• City conducts study to address speeding concerns

    By: Craig Lucie


    ATLANTA - The City of Atlanta told Channel 2 Action News that they will conduct another speed study on a local street after neighbors brought speeding to our attention.

    Channel 2’s Craig Lucie noticed more than a dozen “slow down” signs this past weekend near Chastain Park on Hillside Drive near Powers Ferry Road.

    The signs say ‘slow down, we live here!’ and ‘slow down, we love our children.’

    “We love our children and want them to stay around a long time and not get hit by cars on this road,” said Colleen Blau.

    Within 15 minutes of us parking our live van, several neighbors approached Lucie. They say they’re lucky a child hasn’t been hit by drivers going more than 50 miles per hour in a 25 mile per hour zone.

    They say they’ve had several close calls.

    “A neighbor’s child was riding his bike on the sidewalk. There was some yard debris covering the area so he went down the driveway to go to another driveway, and he didn’t look behind him for traffic and a car almost hit him,” Blau told Lucie.

    A dog wasn’t so lucky, but he did survive and has recovered.

    “I had actually bought the signs before my dog was hit,” said Pam Neill.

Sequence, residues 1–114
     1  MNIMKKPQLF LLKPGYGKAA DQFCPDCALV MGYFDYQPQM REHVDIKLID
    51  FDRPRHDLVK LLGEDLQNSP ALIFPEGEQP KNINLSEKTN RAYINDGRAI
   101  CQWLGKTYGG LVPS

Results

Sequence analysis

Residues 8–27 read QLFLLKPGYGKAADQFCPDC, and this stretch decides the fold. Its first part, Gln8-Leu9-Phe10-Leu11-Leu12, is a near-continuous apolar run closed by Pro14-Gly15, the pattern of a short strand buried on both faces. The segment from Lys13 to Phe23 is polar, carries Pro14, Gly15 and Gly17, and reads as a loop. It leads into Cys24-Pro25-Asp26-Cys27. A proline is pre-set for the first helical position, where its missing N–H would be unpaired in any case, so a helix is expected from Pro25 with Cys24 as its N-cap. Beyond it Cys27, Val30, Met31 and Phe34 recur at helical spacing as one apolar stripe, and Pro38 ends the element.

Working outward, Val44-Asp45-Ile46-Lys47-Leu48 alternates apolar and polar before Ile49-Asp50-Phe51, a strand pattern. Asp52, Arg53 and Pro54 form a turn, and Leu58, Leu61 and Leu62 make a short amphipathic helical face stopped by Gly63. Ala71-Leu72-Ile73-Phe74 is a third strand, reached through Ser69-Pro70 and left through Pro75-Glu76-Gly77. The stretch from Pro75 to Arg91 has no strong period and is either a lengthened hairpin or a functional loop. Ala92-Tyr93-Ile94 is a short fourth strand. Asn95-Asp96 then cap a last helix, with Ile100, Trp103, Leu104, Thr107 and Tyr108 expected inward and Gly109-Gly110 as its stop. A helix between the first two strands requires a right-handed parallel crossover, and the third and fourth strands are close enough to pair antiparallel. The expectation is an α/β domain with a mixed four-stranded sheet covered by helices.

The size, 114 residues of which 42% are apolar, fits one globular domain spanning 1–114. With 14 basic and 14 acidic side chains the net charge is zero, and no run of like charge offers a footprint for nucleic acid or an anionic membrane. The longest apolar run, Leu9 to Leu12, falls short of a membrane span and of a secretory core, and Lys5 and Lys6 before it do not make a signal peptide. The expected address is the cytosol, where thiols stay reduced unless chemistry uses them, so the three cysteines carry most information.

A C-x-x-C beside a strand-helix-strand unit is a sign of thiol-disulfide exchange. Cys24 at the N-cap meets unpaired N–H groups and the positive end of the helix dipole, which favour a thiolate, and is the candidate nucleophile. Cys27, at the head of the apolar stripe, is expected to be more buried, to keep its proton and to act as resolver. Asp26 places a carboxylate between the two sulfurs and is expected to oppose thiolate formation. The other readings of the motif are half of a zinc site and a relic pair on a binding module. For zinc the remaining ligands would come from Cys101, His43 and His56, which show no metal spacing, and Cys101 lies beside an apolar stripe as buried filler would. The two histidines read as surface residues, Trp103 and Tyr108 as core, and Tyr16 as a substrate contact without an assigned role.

Neill bought more than 40 of the ‘slow down’ signs.

    Lucie counted and there are three stop signs on Hillside Drive between Northside Drive and Powers Ferry Road at Chastain Park. He and a Channel 2 Action News Photographer also watched as people rolled right through the stop signs and sped by.



    “If we’re gonna have stop signs, make people stop at them. I think that would help,” said Kelly Prewitt.

    Prewitt and her husband, Bryan, have strict rules for their children when it comes to playing outside.

    “We have an 8 year old and a 5 year old boy and they have friends across the street, but we would never let them cross the street,” said Bryan Prewitt.

    One family though didn’t want to take a chance.

    “I know a young family who moved off this street. They had four young children, and they moved. They said they couldn’t stay on our street,” said Kelly Prewitt.

     A city spokeswoman told Lucie that they could not put in speed humps since it is a collector street meaning it diverts traffic from other streets. It’s also a street used for fire trucks and other service vehicles. They did say they would put in temporary radar speed signs, and their new traffic study would be complete in 30 to 60 days.

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